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14 - Is the search for excessive alpha a breach of fiduciary duty?

Published online by Cambridge University Press:  05 April 2014

Aaron Bernstein
Harvard Law School
James P. Hawley
St Mary's College, California
James P. Hawley
St Mary's College, California
Andreas G. F. Hoepner
ICMA Centre, Henley Business School, University of Reading
Keith L. Johnson
University of Wisconsin, Madison
Joakim Sandberg
University of Gothenburg
Edward J. Waitzer
York University, Toronto
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Events of the past decade have challenged the efficient market hypothesis and the use of modern portfolio theory that is at its core as the basis for prudent investment and risk management practices. Accordingly, such questioning may – and we argue should – impact the legal framework governing pension fiduciaries. For example, it is now broadly accepted that most funds’ returns come from general exposure to the market (beta) rather than seeking market benchmark outperformance strategies (alpha) (Ibbotson 2010). This makes systemic market factors more critical to fiduciary responsibility. It also raises the question of whether large, highly diversified institutional “universal owners” should even attempt to employ alpha-seeking investment, or active management, as a major part of their portfolio (Hawley and Williams 2000). We argue that it is questionable at best and perhaps bad investment strategy at worst to devote significant resources to seeking above-market returns. Indeed, we suggest it raises questions about consistency with fiduciary obligations, since achieving alpha means besting the average return, which is a mathematical impossibility for the average investor. Additionally, alpha-seeking, if linked to leverage and/or use of derivatives, may contribute to systemic risk as well.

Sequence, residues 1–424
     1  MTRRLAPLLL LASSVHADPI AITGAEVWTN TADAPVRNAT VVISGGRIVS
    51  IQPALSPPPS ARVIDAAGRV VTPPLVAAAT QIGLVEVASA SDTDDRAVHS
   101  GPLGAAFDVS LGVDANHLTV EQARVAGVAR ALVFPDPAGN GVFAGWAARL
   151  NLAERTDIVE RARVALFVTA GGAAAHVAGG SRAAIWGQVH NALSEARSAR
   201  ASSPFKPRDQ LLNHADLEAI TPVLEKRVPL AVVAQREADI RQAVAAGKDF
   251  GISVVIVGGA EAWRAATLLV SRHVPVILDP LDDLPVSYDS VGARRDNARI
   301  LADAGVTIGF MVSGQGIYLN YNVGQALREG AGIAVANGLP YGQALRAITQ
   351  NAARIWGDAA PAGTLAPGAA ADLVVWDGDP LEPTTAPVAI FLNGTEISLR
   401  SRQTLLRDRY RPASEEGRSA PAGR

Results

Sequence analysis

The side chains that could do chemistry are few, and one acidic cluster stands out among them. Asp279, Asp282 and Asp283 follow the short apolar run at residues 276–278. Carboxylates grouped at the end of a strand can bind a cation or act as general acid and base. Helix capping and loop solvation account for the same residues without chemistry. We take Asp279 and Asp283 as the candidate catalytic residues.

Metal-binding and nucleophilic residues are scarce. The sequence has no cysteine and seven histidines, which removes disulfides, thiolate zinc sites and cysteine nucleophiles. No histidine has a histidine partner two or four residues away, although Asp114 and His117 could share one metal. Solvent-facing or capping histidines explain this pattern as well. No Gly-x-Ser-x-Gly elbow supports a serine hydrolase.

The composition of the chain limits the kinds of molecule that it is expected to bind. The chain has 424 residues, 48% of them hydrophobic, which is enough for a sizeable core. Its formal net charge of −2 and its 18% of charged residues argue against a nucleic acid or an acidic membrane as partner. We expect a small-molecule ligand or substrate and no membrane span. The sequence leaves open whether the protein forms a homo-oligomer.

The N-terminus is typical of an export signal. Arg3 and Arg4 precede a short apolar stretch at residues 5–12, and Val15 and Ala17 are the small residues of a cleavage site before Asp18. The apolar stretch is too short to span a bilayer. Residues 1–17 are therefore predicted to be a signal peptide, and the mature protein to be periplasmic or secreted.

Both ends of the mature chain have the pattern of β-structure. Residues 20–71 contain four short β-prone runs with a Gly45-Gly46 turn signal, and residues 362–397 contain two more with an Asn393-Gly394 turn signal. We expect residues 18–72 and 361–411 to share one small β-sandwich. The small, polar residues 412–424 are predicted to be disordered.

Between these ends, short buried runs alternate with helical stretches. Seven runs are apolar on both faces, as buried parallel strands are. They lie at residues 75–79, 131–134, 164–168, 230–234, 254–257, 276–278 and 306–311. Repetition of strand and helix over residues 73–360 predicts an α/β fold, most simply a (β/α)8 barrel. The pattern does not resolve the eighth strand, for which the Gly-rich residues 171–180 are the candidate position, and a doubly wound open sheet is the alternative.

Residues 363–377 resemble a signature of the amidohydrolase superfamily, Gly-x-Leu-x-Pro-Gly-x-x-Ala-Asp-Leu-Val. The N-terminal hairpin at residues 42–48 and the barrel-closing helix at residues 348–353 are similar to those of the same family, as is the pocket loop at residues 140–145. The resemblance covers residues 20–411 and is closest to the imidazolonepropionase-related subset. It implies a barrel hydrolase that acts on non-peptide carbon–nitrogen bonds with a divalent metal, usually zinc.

Our argument is as follows: alpha, or active management, has been, among both practitioners and academics, used in two quite different ways. In much but not all academic theory it is defined as above-market (risk-adjusted) returns (RAR) within an asset class (e.g., equity, real estate). This typically involves active trading (that is, stock picking/asset picking and cross asset investments of various types) rather than indexation. Yet it has also been widely used to mean seeking above-average return across asset classes. That is, typically using various alternative, sometimes leveraged investments (e.g., private equity, hedge funds, commodities) to increase portfolio-wide returns. Indeed, since the financial crisis this has been a pronounced trend for many defined benefit plans, as we discuss below.

Publisher: Cambridge University Press
Print publication year: 2014

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